Never attaining the name recognition she deserves, the intrepid photographer Lee Miller cut a swath through the 20th century that few, male or female, can equal. Her life story traversed some of its central dramas: artistic, stylistic, technological, humanitarian, geopolitical. It also included a nude dip in Hitler's bathtub.
Now, her forbidable narrative is the subject of Behind the Eye, a new play by Carson Kreitzer. It will debut at the Cincinatti Playhouse on April 2nd, after undergoing development at the Playwright's Center in Minneapolis. Kreitzer is a veteran of the Playhouse, having contributed two prior dramas, including a work about Robert Oppenheimer, so he is well attuned to the historical period.
Some of Miller's weightiest accomplishments include her documentation of concentration camps and the napalming at St. Malo as a war photographer for Conde Nast: she had worked her way to this unimaginable position (for a woman then) from the daughter of an amateur photographer in Poughkeepsie, NY, and later a model for Vogue. On the way, she became intimately familiar with Man Ray during an intense period in the early 1930's, Paris, where she had traveled specifically to seek out the budding Surrealist. She helped him develop important photographic techniques, such as solarization, and is believed to have taken some of the pictures attributed to him. After their separation, she worked commercially in fashion and celebrity; after World War II, during which she established herself indelibly, Miller came to occupy the crux of a lively UK scene. It was frequented by such avant-garde statesmen as Max Ernst, Henry Moore, Jean Debuffet and Pablo Picasso; Miller's own vertiginous and comic portraiture from this period easily held its among this crew.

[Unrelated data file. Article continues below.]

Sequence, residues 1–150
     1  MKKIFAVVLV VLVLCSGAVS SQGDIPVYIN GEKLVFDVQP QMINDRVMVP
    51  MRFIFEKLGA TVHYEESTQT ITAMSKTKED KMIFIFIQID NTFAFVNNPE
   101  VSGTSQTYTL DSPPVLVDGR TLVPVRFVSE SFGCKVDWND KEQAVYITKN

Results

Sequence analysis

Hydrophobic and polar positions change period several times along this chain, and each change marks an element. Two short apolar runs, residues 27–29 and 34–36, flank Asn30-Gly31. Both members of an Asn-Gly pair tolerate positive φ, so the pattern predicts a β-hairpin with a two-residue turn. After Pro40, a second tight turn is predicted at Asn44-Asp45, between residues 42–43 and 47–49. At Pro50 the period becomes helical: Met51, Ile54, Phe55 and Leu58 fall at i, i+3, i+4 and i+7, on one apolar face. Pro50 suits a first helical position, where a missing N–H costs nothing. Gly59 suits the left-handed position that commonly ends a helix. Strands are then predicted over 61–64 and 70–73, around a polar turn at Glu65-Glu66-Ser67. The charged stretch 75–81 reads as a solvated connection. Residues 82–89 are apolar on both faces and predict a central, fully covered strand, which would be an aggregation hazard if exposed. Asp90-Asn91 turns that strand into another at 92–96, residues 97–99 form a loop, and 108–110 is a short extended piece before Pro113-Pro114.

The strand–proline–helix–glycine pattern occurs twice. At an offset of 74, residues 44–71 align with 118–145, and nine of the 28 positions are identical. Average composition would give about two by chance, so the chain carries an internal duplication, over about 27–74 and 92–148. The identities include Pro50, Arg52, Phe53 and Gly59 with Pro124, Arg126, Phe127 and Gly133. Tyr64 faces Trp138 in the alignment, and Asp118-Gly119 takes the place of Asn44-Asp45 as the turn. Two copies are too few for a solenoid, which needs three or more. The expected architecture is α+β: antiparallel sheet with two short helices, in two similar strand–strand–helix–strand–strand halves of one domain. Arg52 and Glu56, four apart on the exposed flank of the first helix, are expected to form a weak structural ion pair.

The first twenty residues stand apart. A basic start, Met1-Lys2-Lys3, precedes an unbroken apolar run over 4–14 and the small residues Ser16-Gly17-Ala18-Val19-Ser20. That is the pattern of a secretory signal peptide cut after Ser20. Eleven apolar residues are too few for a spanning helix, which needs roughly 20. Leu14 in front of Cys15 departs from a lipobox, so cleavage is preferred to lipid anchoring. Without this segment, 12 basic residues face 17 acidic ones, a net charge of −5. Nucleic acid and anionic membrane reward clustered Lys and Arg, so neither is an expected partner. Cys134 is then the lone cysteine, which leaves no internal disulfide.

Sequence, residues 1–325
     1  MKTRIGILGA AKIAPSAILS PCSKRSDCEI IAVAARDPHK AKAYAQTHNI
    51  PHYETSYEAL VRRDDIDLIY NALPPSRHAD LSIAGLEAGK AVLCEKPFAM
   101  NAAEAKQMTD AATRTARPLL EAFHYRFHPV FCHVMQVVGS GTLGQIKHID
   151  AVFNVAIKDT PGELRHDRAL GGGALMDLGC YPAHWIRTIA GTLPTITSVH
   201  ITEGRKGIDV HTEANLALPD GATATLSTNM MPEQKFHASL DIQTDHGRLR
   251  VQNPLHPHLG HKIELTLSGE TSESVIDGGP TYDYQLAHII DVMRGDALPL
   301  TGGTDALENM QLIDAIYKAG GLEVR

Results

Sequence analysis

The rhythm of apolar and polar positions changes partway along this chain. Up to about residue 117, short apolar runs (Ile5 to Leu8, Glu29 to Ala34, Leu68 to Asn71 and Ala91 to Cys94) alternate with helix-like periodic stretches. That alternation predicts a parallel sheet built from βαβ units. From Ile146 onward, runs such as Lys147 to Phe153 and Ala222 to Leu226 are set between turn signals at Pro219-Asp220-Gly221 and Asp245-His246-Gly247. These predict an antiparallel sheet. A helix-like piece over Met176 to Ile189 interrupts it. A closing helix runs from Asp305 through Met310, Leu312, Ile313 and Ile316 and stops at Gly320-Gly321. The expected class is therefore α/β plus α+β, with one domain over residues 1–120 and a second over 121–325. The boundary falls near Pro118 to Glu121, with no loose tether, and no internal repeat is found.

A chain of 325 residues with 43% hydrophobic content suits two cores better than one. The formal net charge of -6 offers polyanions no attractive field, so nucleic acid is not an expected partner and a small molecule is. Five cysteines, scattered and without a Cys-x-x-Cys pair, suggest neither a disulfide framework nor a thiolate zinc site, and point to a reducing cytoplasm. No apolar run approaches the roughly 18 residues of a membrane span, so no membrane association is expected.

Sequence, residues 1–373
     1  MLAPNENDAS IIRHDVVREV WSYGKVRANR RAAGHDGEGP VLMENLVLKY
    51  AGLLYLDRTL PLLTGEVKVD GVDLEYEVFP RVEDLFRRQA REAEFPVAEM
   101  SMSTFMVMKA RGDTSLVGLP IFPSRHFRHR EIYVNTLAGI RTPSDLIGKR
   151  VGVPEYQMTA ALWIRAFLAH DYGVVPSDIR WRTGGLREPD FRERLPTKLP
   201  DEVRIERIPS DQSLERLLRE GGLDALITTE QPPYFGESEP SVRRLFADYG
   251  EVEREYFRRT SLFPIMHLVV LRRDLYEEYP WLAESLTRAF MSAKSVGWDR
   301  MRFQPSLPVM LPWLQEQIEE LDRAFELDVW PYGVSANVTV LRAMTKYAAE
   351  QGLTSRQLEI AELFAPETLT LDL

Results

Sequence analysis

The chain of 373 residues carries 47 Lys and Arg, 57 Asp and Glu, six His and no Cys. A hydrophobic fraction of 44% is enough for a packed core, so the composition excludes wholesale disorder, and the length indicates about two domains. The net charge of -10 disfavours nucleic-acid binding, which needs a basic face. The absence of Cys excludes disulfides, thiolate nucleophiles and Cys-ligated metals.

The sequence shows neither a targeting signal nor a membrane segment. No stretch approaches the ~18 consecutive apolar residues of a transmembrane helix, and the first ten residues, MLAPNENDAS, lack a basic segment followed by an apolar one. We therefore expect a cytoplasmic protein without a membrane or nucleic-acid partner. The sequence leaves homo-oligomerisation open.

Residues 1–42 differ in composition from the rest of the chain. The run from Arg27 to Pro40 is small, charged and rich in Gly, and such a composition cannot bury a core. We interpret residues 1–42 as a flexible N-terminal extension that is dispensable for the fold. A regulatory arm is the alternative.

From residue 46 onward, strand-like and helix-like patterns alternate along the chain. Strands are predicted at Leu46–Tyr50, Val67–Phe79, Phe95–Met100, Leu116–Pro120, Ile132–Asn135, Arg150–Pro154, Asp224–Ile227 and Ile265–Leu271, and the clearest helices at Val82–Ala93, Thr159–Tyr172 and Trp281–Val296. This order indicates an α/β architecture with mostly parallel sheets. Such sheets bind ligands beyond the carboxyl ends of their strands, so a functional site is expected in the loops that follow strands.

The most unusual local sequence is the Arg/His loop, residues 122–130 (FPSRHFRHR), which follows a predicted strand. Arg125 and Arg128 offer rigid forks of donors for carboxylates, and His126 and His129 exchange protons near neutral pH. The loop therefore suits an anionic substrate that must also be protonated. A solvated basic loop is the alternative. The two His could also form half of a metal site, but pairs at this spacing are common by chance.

Behind the Eye, which grapples with this woman's picaresque achievements, will feature, James Saba as Pablo Picasso, Alex Podulke as Paul Eluard, Alan Cox as Man Ray, and Sarah Agnew as Lee Miller herself. Mark Wing-Davey will direct. Through May 1st.